Expectations vs. reality: students return to in-person

April 15, 2021

As students and teachers returned to in-person learning in early March, they shared what their expectations for in-person would be. Interviewees were then interviewed for a second time after they returned to the school to see how their experience actually went. Their answers were compared to see what similarities and differences could be found.

Expectations

Freshman+Eva+Jaber+works+on+her+computer+at+home.

Eva Jaber

Freshman Eva Jaber works on her computer at home.

Before students and teachers returned to in-person learning in early March, they shared what they expected and what they thought would be different.

Most students haven’t seen their friends face to face in some time and have just had a general lack of physical social interaction.

“I’m most excited about being able to go out again and see some faces,” sophomore Brian Le said. “[Even if you] go out, you don’t really see anyone outside, and it’s really lonely.”

Many believe the initial return will be awkward. Safety measures like six feet social distancing, students not being permitted to loiter in the hallways will be in place; and with the alphabet being split into two parts, each going two days a week, friends can be split up.

“Socially, it’s going to be a little bit odd at first, especially because a lot of my friends that I know are staying home or have names on the opposite side of the alphabet,” freshman Eva Jaber said. “I’m interested to see if we can go outside when the weather is better and, still with masks on, socialize because of better ventilation.”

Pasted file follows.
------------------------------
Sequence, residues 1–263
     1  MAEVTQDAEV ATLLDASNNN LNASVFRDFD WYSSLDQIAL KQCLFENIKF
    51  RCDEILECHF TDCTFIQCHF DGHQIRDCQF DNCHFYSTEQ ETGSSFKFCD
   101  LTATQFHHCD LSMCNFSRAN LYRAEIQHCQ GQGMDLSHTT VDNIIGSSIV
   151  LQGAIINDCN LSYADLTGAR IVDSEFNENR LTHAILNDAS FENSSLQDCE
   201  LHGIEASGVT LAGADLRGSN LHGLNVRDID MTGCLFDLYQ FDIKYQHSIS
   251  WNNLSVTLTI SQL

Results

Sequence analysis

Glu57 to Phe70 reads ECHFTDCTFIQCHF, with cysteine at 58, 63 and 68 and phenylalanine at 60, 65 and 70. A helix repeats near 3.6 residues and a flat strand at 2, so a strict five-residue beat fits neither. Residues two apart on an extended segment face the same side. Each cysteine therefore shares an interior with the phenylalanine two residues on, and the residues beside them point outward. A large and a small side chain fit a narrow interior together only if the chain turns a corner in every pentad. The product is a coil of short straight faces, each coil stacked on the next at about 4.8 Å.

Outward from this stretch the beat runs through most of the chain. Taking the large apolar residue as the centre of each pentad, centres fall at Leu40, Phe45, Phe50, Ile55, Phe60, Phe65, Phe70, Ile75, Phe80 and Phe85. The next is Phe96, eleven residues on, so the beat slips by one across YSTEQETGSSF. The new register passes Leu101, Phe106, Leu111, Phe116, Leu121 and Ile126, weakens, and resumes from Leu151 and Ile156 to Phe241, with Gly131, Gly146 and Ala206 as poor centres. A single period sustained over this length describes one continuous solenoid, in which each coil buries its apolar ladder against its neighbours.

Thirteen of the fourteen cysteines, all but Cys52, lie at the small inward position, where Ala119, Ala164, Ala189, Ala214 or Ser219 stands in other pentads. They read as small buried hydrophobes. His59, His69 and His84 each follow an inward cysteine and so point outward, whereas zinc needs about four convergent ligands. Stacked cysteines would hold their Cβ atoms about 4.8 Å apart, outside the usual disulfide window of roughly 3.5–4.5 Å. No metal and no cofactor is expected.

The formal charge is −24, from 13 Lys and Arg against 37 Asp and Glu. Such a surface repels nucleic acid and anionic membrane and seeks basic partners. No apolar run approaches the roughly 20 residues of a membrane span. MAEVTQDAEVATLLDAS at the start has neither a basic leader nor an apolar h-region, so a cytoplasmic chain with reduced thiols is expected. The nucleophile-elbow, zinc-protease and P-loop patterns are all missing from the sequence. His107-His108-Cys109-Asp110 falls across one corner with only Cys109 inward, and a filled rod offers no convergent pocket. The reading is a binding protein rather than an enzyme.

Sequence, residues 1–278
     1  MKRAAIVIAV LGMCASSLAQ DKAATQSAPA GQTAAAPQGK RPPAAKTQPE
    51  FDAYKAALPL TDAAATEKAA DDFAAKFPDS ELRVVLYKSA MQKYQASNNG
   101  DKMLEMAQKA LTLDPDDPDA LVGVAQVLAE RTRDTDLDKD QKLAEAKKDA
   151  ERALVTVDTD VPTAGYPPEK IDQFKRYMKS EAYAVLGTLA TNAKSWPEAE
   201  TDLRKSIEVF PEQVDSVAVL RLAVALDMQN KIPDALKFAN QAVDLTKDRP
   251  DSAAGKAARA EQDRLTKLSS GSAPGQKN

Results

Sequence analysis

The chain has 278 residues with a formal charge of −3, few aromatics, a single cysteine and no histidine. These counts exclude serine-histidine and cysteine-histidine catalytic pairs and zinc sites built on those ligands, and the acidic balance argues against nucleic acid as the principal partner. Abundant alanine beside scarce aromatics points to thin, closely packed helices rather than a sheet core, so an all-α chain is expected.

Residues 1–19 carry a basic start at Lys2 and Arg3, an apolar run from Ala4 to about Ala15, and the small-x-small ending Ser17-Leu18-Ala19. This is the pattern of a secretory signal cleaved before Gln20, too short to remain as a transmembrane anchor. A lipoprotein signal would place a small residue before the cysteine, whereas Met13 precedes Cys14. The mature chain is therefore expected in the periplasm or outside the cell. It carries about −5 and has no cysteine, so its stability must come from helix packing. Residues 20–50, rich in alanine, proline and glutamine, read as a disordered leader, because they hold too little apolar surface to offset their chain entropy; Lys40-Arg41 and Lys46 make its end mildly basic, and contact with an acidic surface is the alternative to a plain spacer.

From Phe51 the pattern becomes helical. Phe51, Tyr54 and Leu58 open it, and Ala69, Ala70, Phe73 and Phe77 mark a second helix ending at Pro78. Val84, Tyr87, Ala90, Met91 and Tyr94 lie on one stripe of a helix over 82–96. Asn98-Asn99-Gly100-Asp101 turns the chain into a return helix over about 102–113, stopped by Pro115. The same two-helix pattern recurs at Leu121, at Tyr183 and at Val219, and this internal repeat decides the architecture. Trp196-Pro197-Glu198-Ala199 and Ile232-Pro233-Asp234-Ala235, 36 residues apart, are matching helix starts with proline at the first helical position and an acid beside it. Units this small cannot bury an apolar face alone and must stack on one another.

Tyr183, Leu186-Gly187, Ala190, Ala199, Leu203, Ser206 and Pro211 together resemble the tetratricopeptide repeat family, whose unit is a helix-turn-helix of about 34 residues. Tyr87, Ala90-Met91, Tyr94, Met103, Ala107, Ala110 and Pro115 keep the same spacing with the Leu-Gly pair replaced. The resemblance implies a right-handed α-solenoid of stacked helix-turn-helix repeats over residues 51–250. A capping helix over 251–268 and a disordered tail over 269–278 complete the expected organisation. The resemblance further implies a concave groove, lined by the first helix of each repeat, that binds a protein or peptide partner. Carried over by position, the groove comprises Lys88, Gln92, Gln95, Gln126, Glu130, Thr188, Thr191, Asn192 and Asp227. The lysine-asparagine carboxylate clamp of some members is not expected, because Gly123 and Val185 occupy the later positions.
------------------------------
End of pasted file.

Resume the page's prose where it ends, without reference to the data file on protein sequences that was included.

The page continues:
Teachers also anticipate seeing actual faces as compared to gray avatars and taking advantage of in-person to create better student-teacher relations.

“I’m looking forward to maybe seeing some more colleagues in-person instead of on a computer screen, and actually seeing some of my students, because a lot of those students have that camera phobia,” English teacher Andrew Wax said.

Online learning has been hard for many, and in-person will be helpful to a lot of students, with teachers being more available and having more materials widely available at school.

[Because] the majority of my students use the chat instead of the microphone so I think we’re gonna lose some of that interconnectability.”

— English teacher Andrew Wax

“When you’re at school, you have that work environment feel. You can ask the teachers questions better and get help directly,” Le said.

For many classes, there will be a concurrent model in place with some students in the classroom and the rest still online. Teachers will be teaching both groups at once. While “concurrent” implies that things will be together, the two groups will be generally separated and unable to work together effectively.